Cydippe to Acontius

I READ over your letter in silent fear, nor suffered so much as a murmur to escape me, lest my tongue might rashly swear by some of the gods. I even think you would have ensnared me again, but that, as you own yourself, you knew it was enough I was once promised to you. Nor would I have read it over, but from a fear that my obstinacy might have encreased the anger of the too cruel goddess. Although I forget nothing to appease her, and adore her with the smoke of pious incense, yet the partial Goddess still remains your friend; and, according to your own wish, leaves no room to doubt, that the injury with which you are threatened is the cause of her resentment. Scarcely was she so favorable to her own Hippolytus.

It is surely more proper for a virgin, not to shorten a virgin's years: I am afraid she has only allotted a few to fulfil my fate. For the wasting illness remains; the cause lies hidden; and I languish without hope of relief from the physician. You can scarcely conceive how thin and feeble I am, when I write you this, or with what difficulty I support my wasted limbs in the bed. I am also full of apprehensions, that some beside my faithful nurse may know of our thus conversing with each other. She always sits by the door, and, that I may write to you with the greater security, tells every one who enquires after me, that I am asleep. But when sleep, the best pretence in the world for long privacy, ceases to be a plausible excuse for the tedious retirement, and when she observes persons coming, to whom she can hardly with a good countenance deny admittance, she coughs, and warns me of the danger by some known sign.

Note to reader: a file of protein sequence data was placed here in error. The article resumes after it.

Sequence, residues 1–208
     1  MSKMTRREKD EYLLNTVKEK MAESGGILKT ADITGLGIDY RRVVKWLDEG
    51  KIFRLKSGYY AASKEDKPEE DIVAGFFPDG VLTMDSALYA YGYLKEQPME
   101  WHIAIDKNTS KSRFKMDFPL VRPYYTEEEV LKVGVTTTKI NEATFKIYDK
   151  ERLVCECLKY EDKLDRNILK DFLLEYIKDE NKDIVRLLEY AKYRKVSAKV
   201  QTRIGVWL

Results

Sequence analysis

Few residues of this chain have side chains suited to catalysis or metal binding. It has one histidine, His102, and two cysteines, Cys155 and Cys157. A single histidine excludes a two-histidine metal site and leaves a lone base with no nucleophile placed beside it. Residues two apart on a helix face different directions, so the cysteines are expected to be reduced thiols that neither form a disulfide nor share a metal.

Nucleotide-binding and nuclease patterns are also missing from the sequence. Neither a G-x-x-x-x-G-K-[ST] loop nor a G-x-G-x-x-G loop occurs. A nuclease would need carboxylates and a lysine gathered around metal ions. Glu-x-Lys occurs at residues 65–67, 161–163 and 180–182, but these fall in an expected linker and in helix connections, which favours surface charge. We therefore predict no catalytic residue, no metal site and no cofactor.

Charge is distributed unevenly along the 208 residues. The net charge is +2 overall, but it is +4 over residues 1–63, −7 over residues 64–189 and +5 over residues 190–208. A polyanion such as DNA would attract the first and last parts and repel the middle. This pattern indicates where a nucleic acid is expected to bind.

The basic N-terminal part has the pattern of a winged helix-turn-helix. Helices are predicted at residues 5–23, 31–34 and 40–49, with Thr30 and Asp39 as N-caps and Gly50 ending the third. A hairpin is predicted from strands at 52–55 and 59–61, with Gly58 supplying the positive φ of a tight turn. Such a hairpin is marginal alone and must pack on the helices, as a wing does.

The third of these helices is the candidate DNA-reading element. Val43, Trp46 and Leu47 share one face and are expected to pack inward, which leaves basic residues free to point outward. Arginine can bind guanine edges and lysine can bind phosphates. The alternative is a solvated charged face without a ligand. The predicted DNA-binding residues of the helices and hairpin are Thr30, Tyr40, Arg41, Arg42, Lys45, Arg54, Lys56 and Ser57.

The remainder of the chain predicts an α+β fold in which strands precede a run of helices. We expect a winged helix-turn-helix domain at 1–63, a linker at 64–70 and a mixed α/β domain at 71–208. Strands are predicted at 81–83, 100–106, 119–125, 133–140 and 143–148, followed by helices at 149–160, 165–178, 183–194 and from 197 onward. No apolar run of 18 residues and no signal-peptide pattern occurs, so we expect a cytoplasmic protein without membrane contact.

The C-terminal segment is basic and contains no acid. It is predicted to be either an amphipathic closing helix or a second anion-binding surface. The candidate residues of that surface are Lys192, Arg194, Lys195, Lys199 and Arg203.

Intent as I am, I leave the half-written words, and slip the well-dissembled epistle into my beating bosom. I take it out thence when alone; and it again fatigues my moving fingers. Judge only yourself what pain and anxiety it costs me. And yet (to be honest) let me die if you deserve it; but I am kind beyond what is due, or even what you could in reason expect. Have I then, on your account, so often hazarded my life? Have I suffered, and do I still suffer the punishment of your too successful artifice? Is this the fruit I reap from a beauty that made you an admirer? And must I pay so dearly for appearing agreeable to you? Had it been my good fortune to seam ugly, how happily might I have escaped this train of disasters! Now, because I am admired, I groan in anguish; now I am undone by your rival contentious, and perish by the wounds I receive from my own beauty. For while you refuse to yield, and he imagines himself in no respect your inferior, each stands an invincible obstacle to the other's desires. I, in the mean time, am tossed like an uncertain ship, driven by a strong North-wind to the open sea, but forcibly kept back by the tide and waves. When now the nuptial day, so earnestly wished by my dear parents, is at hand, a burning fever spreads over all my joints; and, at the very time

appointed for the threatening solemnity, stern Proserpine knocks hideous at the palace gate. I blush; and, though conscious of no crime, dread that I may be thought to have in some respect merited the wrath of Heaven.